By Allison St. John, Lead Virtual Facilitator at Abilitie
Co-Founder, The Remote Leader Project
Just saying it elicits dozens of idealized perks both employees and employers dream of.
Yet, it comes with challenges and shadows that threaten vital human connection that most managers are unprepared to face.
For organizations, remote work means talent pools can be broadened to attract the best talent regardless of location, operation costs can be lowered with less physical office space, and their happy, remote employees are engaged and highly productive.
For employees, remote work appears to be the Promise Land: autonomy, no commute, an ideal work-life balance, working days in sweatpants, and the ultimate freedom to live and work anywhere.
However, recent studies show that remote work can lead employees to feel a greater sense of being left out. (Source: Harvard Business Review.) That feeling of isolation can then undermine team dynamic and individual relationships, leaving a manager to have to address trust and performance issues alongside daily work.
Fortunately there are a few simple proactive actions managers can take to fortifying the human connection in their remote team and to reduce the sense of isolation.
The first proactive action is to ask the right discovery questions in one-to-one meetings. For example, if a manager asks a direct report, “What would make you feel more connected to the team, me, or day to day information?”, the door is opened to let an employee express what they personally need and for the manager to deliver on the request.
Employees might answer that question saying that simply having more access to the manager/leader would really help them feel more informed on the day to day.
In a traditional in-person office, most managers could meet this need by offering a casual, yet consistent, drop-in at an employee’s desk and invite the employee to do the same. It only takes a few minutes every day to make a team member feel they can reach out when needed and are reassured that a manager is committed to supporting them.
The same can be done for remote teams, but requires creatively transferring an in-person habit to fit the parameters of the virtual space.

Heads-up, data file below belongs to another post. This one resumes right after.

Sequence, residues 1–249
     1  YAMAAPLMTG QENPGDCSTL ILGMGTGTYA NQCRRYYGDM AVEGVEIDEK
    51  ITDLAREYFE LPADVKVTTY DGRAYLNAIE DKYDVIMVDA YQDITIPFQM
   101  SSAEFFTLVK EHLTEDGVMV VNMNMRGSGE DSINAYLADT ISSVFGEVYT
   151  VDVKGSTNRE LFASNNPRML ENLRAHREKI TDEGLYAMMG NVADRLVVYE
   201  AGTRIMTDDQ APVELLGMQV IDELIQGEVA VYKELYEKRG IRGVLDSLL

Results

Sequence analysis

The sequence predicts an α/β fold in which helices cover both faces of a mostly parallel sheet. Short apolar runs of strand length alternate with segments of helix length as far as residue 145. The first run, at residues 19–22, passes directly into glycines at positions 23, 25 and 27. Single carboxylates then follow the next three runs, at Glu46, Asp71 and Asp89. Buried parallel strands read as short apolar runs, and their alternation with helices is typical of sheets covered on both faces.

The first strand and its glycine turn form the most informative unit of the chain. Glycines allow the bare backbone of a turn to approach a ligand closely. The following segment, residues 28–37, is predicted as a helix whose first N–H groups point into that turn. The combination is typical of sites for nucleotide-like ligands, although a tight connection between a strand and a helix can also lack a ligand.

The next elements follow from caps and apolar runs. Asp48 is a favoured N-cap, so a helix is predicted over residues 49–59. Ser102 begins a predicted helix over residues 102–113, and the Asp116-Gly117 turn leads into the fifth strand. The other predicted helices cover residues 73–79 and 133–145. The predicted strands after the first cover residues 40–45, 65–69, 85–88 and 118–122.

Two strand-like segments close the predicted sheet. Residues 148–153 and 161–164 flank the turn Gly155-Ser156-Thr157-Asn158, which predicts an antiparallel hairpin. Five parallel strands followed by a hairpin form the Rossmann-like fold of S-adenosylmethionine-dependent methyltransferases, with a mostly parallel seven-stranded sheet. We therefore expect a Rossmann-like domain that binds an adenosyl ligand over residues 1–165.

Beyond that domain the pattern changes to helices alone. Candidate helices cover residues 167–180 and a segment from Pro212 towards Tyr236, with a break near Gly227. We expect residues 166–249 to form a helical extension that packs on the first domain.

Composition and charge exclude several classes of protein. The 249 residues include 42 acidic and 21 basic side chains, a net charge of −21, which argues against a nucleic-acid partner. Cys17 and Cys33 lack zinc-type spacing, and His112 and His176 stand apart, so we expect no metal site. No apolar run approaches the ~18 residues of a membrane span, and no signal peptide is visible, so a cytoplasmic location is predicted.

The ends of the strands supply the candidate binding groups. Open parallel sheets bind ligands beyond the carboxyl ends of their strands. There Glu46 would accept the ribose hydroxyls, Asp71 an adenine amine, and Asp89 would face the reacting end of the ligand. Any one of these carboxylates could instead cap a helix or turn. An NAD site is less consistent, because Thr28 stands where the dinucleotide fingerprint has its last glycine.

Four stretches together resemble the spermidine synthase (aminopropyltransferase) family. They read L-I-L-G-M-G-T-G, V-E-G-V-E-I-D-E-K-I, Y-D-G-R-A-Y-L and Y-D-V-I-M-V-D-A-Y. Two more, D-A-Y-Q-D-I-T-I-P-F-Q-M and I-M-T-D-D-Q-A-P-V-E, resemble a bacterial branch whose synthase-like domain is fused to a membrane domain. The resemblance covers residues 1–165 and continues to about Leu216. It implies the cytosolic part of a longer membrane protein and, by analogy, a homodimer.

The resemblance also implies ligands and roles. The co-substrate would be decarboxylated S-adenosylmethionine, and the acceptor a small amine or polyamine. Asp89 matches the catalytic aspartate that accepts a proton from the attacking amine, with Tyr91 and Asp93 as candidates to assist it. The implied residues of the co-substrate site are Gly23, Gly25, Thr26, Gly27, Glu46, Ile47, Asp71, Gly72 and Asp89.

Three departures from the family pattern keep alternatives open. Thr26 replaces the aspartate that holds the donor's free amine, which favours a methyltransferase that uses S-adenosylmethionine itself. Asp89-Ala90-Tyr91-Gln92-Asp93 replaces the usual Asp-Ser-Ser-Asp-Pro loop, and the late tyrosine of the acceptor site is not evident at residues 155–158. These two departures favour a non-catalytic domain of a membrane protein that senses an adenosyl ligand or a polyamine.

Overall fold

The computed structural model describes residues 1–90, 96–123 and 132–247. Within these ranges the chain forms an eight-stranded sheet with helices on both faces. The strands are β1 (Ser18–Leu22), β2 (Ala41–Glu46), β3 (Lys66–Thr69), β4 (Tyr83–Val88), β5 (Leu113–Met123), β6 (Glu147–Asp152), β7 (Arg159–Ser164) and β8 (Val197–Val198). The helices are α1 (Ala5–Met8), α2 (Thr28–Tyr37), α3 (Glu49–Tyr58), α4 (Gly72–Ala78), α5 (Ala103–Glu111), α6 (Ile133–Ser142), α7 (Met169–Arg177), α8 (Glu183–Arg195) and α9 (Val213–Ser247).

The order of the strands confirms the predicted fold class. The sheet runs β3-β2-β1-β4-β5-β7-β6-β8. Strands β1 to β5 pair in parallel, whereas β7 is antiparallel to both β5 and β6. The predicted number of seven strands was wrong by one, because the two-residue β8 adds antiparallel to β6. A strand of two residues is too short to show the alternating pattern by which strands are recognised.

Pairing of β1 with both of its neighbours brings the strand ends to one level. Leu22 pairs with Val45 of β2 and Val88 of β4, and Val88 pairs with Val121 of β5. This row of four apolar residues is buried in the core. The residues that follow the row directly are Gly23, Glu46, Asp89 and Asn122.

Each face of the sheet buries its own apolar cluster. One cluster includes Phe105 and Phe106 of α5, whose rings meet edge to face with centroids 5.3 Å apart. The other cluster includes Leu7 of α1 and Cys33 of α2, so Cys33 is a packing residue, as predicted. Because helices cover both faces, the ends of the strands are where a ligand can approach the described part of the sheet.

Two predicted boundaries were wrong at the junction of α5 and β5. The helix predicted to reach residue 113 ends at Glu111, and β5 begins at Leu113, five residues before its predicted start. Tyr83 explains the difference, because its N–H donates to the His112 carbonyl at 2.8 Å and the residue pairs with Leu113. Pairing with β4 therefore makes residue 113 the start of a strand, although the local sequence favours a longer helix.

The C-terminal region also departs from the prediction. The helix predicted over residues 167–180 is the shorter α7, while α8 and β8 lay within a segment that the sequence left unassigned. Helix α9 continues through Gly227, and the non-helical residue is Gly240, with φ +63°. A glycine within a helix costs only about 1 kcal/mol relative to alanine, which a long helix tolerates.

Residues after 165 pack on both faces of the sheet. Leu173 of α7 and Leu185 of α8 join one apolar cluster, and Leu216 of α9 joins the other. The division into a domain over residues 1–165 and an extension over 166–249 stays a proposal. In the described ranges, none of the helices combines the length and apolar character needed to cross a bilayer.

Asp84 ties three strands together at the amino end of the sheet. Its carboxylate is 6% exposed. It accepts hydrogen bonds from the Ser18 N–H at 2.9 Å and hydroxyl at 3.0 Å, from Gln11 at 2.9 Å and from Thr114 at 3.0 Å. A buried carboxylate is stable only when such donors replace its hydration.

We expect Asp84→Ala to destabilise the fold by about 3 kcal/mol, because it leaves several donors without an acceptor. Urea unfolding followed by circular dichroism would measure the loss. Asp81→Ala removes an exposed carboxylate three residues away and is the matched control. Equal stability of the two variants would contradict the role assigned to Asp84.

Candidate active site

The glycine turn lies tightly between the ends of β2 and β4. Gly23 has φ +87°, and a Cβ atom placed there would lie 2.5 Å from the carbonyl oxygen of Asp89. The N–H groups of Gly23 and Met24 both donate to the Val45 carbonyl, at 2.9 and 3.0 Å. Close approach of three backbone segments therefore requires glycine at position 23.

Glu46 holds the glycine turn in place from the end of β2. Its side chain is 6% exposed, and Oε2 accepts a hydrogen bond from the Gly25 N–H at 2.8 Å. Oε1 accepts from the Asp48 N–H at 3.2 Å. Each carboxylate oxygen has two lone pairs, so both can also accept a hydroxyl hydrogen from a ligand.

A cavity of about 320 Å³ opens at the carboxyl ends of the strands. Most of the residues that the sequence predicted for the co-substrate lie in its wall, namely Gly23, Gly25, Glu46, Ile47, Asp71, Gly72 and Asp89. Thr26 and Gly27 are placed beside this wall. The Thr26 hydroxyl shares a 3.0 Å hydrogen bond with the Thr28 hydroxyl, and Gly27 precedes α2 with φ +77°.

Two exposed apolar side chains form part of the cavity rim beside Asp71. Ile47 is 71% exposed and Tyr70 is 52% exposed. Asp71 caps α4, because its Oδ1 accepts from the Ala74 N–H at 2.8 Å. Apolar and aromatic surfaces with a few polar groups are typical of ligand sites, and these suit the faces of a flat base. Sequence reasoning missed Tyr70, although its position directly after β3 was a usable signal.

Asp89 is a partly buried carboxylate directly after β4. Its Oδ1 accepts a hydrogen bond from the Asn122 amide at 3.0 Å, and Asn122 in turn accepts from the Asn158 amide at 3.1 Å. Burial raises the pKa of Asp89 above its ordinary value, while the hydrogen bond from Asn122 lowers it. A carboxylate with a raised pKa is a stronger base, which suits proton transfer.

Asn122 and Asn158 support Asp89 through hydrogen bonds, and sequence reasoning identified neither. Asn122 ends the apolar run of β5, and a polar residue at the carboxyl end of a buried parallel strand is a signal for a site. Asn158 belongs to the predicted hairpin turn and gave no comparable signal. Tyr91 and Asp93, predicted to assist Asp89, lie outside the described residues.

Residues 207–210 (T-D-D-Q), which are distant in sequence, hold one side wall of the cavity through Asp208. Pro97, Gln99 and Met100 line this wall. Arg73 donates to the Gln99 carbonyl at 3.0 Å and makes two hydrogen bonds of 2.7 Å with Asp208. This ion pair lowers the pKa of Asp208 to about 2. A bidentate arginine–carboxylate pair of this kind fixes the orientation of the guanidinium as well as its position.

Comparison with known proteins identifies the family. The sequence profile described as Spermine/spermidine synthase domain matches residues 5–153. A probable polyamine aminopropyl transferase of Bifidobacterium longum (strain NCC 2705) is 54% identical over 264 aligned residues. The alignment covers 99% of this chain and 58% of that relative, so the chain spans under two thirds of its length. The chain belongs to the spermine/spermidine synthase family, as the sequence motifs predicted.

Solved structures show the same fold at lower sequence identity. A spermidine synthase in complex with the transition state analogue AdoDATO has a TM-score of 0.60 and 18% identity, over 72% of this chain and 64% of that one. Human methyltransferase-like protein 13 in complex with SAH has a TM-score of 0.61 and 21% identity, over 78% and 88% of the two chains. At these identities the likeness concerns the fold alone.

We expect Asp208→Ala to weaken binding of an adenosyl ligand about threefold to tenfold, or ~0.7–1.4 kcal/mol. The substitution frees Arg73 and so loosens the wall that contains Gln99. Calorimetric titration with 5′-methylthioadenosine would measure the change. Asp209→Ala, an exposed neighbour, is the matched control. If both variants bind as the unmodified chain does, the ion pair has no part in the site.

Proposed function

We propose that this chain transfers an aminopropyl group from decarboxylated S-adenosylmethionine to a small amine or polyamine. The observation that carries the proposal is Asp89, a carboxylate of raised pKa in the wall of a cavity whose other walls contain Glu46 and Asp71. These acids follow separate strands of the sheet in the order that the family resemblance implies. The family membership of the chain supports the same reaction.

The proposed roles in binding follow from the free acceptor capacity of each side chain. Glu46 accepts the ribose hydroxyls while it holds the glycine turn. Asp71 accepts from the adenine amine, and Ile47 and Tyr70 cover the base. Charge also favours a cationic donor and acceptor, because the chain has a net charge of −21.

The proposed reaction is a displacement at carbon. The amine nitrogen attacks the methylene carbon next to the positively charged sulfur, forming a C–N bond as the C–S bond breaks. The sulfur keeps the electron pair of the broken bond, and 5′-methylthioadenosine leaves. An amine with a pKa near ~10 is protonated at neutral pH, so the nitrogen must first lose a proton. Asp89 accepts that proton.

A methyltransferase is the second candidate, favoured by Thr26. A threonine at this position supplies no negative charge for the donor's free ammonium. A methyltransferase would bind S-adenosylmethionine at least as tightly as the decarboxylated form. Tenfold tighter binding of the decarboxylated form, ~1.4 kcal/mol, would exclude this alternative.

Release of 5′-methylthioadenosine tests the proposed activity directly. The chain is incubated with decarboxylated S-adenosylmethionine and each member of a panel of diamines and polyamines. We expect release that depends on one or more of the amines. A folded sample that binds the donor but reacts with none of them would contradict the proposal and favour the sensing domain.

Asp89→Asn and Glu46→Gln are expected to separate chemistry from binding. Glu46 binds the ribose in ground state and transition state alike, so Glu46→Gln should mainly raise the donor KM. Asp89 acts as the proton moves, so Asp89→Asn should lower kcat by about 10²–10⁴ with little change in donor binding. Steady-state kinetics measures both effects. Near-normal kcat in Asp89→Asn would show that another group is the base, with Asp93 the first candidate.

Instead of physically walking by, a manager can pick up the phone just to check in, or send a quick text or message asking if they need anything, or how their weekend was, or if they have a few minutes to do a general check-in. End result: managers use technology to make themselves available and a sense of support is created.
If a manager has a team split between traditional office and remote, make it a habit to couple the in-person check-in with the virtual one. After making the rounds at the office with in-person teammates, make the calls to the rest of the remote team before returning to tasks. Tying those two actions together make it much easier to implement regularly and create a new communication habit.
Asking targeted questions is just the start to fostering meaningful, long-distance connections.
(Learn about other specific questions designed to help managers make better connections with their remote team).
Here are 5 other simple ways to transfer common connection behaviors to your long-distance team.
Common Ways to Create Human Connection In Office
- Have lunch together in the office kitchen or at a local restaurant.
- Walk through the office for casual check-ins
- Birthday gatherings in the office huddle room
- Friday afternoon Happy Hour at the local spot across from the office
- Co-worker walk-by’s at beginning and end of day to say hello/goodbye.
What Connection Can Look Like in Remote Work
- Have lunch together from your home kitchen on video
- Call/text/message/video chat to each remote teammate for casual check-ins
- Schedule birthday team gatherings on video for the team to celebrate the birthday person. Also send flowers or a birthday cake from a local bakery to the teammate. If budget is limited, provide your team access to an e-card site for everyone to send birthday e-cards.
- Schedule a virtual, team Happy Hour and encourage everyone to join on video chat with their drink of choice from a relaxed location of choice.
- Send a text or chat message at the beginning or end of the day to say hello/goodbye. Create the culture that teammates can chat on video with each other as they set-up/close down work.
About Allison St. John and The Remote Leader Project:
The Remote Leader Project creates online courses to help managers lead thriving teams, no matter the distance. All courses are designed to deliver quick, digestible skills and knowledge that is relevant and immediately applicable.